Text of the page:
I settled back contentedly into my seat. The network connection in the tunnels was never dependable. I had to find another way to entertain myself on the ride home.

The noise from the screech of the rails and the rush of air outside seemed muted. Instead, the cabin was filled with a soft susurrus, the hushed tones of a crowd in a theatre, expectant but subdued. The cabin felt colder than it should have been. Was the heating out again? It couldn’t be. I was certain that the cabin was warmer than the platform a second ago, yet now, it felt like I was back outside in the howling cold. I tugged my jacket a little tighter. I looked at the hodge podge of strange individuals in the cabin. Everybody seemed out of place. Why would there be a gaggle of high school kids, obviously inebriated, this late at night? Or the waifish girl that was wearing what seemed to be a school uniform. I shifted uncomfortably on the sculpted plastic seat. Not a single mobile phone or any other electronic device in sight, a strange sight in this day and age. I looked up at the row of LED lights that indicated the train’s progress along my route. 4 more stops.

I was still staring at the display when the train whizzed by the next station. It didn’t stop. Didn’t even slow down. Just kept going right. The lights and pillars of the station streamed by in a blur. I jerked upright in my seat, my eyes widening. What kind of train had I gotten on? The rest of the crowd was unfazed by this development. If anything, the low buzz of whispers got even louder as the train progressed.

We were still hurtling through the dark tunnel, the overhead lights flickering on and off, when the little girl in the school uniform affixed me stared at me, wide-eyed. She crept over to the group of high schoolers and tugged at the sleeve of one of the young men. He must have been a basketball player, towering over his companions. He nearly had to bend double to bring his ear down to the little girls face. Her jaw worked up and down as she whispered something to him urgently. I heard nothing over the sound of the train. He blinked and took a step back when he looked back in my direction, as though seeing me for the first time. His handsome face twisted strangely. What was it? Anger? No, he looked like he wanted something. He looked hungry. His compatriots noticed the break in the conversation and directed their gazes to the focus of his attention. To me. The same gamut of emotions cycled through their faces. Shock. And then a sharpening, a hardening of their features. They were hungry too. The giant took a step forward, perhaps meaning some harm for some slight on his person that I must have committed. One of the high school girls held him back.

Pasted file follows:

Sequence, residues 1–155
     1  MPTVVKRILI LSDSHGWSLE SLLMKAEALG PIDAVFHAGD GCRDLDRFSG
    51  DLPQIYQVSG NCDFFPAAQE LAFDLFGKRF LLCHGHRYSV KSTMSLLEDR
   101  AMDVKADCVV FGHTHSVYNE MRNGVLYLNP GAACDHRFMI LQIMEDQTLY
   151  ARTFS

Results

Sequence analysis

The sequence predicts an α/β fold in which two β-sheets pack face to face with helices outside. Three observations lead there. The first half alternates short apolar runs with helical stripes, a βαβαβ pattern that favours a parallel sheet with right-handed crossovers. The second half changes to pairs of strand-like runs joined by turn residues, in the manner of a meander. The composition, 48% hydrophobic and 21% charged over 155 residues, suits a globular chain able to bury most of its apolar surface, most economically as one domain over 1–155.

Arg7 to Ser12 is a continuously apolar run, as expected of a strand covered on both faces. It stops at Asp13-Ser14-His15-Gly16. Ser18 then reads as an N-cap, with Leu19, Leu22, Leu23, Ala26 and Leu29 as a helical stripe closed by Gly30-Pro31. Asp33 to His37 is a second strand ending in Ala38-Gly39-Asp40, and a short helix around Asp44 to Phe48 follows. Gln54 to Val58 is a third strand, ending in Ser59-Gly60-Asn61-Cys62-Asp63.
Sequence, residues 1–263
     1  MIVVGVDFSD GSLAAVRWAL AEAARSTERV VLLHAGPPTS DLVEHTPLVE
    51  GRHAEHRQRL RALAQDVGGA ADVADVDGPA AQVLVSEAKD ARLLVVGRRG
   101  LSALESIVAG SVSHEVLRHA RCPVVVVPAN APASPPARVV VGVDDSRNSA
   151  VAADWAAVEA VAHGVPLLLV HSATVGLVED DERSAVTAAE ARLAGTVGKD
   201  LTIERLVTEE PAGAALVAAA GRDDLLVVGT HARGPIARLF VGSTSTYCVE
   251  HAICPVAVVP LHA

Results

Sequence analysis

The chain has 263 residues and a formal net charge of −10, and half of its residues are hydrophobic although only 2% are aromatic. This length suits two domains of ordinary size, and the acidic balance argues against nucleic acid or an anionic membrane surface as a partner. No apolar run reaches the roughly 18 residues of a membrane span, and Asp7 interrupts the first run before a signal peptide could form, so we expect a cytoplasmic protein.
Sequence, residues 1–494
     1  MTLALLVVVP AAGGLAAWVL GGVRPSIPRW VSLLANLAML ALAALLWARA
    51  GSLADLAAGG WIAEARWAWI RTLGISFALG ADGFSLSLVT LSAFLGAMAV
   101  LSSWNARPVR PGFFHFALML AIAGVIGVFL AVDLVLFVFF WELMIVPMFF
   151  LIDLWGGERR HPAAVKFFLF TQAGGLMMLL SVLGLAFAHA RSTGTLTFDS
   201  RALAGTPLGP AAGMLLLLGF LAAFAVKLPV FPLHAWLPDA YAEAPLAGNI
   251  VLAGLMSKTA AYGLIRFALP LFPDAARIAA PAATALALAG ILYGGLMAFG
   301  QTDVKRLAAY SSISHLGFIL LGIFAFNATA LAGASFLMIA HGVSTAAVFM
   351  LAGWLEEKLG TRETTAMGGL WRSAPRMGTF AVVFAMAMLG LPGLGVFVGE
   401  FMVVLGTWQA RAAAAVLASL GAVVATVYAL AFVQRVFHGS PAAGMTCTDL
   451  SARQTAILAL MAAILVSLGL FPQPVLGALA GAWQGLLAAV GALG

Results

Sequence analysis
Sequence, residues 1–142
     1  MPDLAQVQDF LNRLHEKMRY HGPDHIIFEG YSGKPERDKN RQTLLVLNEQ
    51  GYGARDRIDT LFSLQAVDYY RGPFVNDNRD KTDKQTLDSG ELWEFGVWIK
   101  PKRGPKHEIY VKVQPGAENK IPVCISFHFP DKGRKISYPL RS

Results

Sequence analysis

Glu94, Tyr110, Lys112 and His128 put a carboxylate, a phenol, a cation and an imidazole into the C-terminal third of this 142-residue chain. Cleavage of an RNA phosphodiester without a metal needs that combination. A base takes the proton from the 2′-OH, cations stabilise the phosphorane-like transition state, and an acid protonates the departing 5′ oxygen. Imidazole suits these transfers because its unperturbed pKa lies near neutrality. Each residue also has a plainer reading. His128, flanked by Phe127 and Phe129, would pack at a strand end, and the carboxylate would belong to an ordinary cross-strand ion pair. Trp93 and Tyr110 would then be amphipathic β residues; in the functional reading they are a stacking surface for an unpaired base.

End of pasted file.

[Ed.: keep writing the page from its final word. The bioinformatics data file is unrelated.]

The feeling spread through the cabin, like a spark arcing from person to person. The two uniformed men, looking up and tightening their jaws. The old man next to me, perking up and scooting down another seat so that he could look at me without straining his neck. Outside, a blur of lights told me that another station had shot by. 3 more stops.

I shrank back in my seat.The tendons straining at the surface of my hands as I clutched at my bag protectively, as though that stupid gesture, grabbing on to my work, the focus of my life, would ground me and take me from this nightmare. It didn’t. I felt the weight of their eyes on me, like insects crawling over my skin. Something was wrong. So clearly wrong. This strange crowd, so different, yet each of them was wearing that naked need on their faces.

“Don’t mind them, they’re just jealous of you.” The young lady by my side. Her voice was soft, mellifluous. “Don’t stare back and don’t talk to them.”

I turned to look at my erstwhile companion. “What are they jealous of? I just wanted to catch the last train home.”

“It’s the last train home for all of us, too.” She smiled. She was very pale. Very beautiful. “But not all of them want to be here. And looking at you, going home tonight, makes them so very unhappy.”

“Where’d they all come from? Was there a convention? A meeting?” I cast my eyes around the cabin again, but was stopped halfway by her strong fingers on my chin. Her fingers were icy cold. She turned my head around to face her.

“Everywhere. All around. Most of them didn’t want to be here. Except me, maybe. I’d had enough of where I was. I miss my parents. I haven’t seen them in such a long time. It took awhile, for me to gather enough courage to go look for them.” She paused, suddenly pensive at what she’d said. “You’re not meant to be here, you know. You’re on the wrong train. This isn’t your ride.” Outside the window, another station went by. My eyes flicked back to the board with all the little lights. 2 stops to home.